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What do you know about Wisconsin anyway?

November 19th, 2014

Today the New York Times posted an online interactive recipe book of sorts showcasing a different Thanksgiving dish that represents each of the fifty states (plus Washington DC and Puerto Rico.) The recipe they came up with for Wisconsin is Wild Rice with Mushrooms. Hunh? No offense to wild rice, but aren't we the cranberry capital of the world? And don't cranberries come to mind around Thanksgiving time a lot more often than rice? I would think Minnesota has the corner on the wild rice market. That and grape salad according to the Times. (Here's where I give an empathetic nod to our western neighbors who are likely as baffled as we are. Do grapes grow in snow?)

I'm not trying to misalign the New York Times. In fact, my Sunday would not be complete without them. But their representation of Wisconsin is far from our truth. I find this happens a lot to our beautiful and misunderstood state. Unless you've lived here, Wisconsin may exist in your head as an amalgamation of beer and cheese, Twin Peaks and the Packers. I'm not denying those things shape our fair state (and our hips, for that matter), but we are certainly much more than stale stereotypes.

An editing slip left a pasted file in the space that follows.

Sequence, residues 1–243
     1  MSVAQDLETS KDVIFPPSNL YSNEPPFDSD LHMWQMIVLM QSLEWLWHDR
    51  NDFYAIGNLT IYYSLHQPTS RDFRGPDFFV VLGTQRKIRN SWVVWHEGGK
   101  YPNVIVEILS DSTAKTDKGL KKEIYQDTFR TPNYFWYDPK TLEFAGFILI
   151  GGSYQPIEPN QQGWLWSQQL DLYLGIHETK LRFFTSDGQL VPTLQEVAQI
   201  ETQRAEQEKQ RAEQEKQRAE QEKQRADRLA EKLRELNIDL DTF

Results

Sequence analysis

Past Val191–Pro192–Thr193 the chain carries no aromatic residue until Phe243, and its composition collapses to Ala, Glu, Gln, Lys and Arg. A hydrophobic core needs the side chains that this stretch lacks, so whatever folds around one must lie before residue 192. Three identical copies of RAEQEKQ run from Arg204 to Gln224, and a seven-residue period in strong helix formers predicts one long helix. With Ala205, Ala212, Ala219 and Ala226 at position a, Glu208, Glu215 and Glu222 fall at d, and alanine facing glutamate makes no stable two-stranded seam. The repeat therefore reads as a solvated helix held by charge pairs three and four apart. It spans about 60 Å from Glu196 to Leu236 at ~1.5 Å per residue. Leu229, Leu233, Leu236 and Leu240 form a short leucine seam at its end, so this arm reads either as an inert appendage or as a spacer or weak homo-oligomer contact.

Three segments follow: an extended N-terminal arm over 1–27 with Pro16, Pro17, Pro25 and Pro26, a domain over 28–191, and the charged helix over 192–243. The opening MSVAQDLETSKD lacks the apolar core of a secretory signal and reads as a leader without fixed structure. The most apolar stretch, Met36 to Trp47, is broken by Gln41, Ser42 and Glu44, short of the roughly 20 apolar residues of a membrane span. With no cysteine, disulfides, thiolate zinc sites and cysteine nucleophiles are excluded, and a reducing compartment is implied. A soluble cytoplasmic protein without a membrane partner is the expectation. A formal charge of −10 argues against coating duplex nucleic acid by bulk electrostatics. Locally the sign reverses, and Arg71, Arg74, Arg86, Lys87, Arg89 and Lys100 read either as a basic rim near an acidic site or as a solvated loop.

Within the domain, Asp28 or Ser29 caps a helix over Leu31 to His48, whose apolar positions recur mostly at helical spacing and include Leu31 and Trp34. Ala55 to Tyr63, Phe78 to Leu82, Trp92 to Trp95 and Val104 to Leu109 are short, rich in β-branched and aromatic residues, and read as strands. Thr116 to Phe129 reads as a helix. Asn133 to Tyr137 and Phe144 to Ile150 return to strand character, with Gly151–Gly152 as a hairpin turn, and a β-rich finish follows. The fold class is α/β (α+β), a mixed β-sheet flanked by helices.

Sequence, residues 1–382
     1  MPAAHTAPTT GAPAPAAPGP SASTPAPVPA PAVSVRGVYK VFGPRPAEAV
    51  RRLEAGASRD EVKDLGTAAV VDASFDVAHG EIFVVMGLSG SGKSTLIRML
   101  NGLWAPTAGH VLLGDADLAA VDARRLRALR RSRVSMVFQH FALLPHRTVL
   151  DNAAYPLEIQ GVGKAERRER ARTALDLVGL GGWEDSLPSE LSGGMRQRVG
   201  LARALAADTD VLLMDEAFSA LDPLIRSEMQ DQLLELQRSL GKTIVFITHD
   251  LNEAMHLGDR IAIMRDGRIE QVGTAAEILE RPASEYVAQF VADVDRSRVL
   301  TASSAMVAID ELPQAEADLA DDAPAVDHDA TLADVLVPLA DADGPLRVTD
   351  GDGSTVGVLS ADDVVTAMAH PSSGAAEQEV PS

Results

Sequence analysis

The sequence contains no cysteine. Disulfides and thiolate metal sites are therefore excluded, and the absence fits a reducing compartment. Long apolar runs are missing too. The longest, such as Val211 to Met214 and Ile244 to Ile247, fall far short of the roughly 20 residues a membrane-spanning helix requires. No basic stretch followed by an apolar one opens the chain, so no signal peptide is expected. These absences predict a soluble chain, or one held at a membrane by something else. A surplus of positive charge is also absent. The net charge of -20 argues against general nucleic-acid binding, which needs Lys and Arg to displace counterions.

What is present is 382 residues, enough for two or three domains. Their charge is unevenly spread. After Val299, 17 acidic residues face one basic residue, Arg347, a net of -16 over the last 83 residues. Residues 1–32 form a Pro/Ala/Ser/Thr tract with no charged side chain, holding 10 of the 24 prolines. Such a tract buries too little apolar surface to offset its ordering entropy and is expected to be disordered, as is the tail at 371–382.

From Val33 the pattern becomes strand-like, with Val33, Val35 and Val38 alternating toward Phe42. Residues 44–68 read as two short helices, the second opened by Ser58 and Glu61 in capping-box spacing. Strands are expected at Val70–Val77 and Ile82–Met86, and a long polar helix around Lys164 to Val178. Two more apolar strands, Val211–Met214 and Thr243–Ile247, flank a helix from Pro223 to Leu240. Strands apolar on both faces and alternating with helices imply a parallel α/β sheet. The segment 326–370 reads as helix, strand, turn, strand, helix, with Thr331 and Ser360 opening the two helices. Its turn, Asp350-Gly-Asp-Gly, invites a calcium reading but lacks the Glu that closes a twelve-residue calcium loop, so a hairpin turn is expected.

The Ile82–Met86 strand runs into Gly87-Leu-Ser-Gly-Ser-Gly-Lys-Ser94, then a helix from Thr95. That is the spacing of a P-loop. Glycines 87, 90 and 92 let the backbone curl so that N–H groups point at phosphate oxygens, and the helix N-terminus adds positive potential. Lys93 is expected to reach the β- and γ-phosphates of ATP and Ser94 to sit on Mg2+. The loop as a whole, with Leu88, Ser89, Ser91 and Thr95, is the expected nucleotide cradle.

Everyone I know who has ever lived here has cultivated a fierce and protective loyalty to Wisconsin. A soft spot exists for the friendly people, the beautiful and surprising scenery – much of it still untouched by development, the laid-back but smart way we conduct business, our cheerful acceptance of the short summer and long winter and, OK fine, the cheese curds and craft beer.

But not the wild rice.